New Zimbabwe.com

Govt to pay bonuses in time for elections

PRESIDENT Emmerson Mnangagwa’s government has released a tight 2017 bonus payment schedule that shall see the army paid first next month with the last of its bloated workforce set to receive their 13th cheque on the eve of this year’s harmonised elections.

The schedule was released Thursday by Zimbabwe Service Commission chair, Mariyawanda Nzuwah.

Said the civil service boss; “You will recall that through his 2018 National Budget Statement, the Honourable Minister of Finance and Economic Development made a commitment to pay the 2017 13th Cheque on a staggered basis, guided by revenue inflows, as well as taking account of cash flow requirements of other National Programmes, such as the General Elections.”

The Zimbabwe National Army shall, as per tradition, be first to receive their bonuses starting this March. They will be paid same month as the Air Force of Zimbabwe and health workers.

Police and the Zimbabwe Prison and Correctional Services will both be paid their bonuses in April while the education sector which has the largest group of civil servants will be paid in May.

The rest of the civil service will finally receive their dues in June.

In his correspondence to staff, Nzuwah pledged government’s commitment to paying its bonus obligations on the same dates with their normal monthly wage payments.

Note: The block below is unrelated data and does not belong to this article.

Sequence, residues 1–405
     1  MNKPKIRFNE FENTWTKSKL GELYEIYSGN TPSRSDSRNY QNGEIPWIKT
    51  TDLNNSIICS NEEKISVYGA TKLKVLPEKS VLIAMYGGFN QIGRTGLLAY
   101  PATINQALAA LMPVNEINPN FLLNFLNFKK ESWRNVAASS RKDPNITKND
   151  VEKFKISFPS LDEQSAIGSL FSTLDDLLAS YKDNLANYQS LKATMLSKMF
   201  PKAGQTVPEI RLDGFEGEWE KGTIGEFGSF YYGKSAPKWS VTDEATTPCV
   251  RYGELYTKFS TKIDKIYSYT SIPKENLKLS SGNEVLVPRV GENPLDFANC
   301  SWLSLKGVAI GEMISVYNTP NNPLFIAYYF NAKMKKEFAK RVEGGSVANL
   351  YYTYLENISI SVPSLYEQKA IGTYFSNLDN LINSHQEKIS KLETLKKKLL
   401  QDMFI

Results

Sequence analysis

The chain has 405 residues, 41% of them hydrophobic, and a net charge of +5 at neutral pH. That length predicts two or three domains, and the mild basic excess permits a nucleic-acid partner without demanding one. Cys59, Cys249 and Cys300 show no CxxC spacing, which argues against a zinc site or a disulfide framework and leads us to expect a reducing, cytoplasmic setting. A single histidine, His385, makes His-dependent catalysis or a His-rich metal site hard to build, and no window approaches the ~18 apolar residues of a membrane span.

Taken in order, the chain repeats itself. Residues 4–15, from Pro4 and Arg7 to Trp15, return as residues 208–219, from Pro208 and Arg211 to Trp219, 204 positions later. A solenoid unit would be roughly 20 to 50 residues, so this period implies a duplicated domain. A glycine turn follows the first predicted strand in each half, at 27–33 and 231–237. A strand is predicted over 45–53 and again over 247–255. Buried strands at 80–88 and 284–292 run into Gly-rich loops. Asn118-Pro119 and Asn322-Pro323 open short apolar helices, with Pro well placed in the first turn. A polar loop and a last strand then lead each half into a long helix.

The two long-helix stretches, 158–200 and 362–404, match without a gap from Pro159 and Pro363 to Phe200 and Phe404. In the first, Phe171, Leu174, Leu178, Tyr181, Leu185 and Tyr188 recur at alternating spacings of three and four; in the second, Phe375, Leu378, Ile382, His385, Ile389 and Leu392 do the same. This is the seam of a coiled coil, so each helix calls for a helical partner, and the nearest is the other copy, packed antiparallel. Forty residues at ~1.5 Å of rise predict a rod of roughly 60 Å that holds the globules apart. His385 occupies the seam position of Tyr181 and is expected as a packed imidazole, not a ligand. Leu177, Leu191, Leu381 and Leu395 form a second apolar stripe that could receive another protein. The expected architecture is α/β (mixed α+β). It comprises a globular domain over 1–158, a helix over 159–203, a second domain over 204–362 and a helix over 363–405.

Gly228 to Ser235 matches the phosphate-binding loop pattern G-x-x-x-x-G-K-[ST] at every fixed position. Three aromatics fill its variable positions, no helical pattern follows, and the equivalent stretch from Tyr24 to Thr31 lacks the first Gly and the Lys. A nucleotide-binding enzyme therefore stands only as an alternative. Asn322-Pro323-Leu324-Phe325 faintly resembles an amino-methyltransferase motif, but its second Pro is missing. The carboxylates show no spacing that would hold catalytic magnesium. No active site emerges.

This is not the first time Zimbabwe’s cash-strapped government has staggered bonus payments for its workforce that it would be supposed to honour the previous year. Last year, government paid the 2016 bonus payments between April and August 2017.

However, the decision to pay the last civil servant in June this year looks all inspired by the country’s harmonised elections which are expected mid this year.

Mnangagwa’s Zanu PF is keen to endear itself with the state workforce which endured erratic payment periods during the tenure of ousted President Robert Mugabe since the end of a coalition administration the 94-year-old leader formed with opposition rivals 2009.

While the country’s bloated civil service would be happy to finally receive its delayed 13th cheque, Treasury has plainly ruled out any immediate plans to increase their salaries.

This is in spite of recent price increases which have reduced the buying power of salaries which were last reviewed some eight years ago.

Finance Minister Patrick Chinamasa told the Senate this past week that government had no financial resources to increase civil servants’ wages which last year gobbled 86 percent of what accrued into the national purse.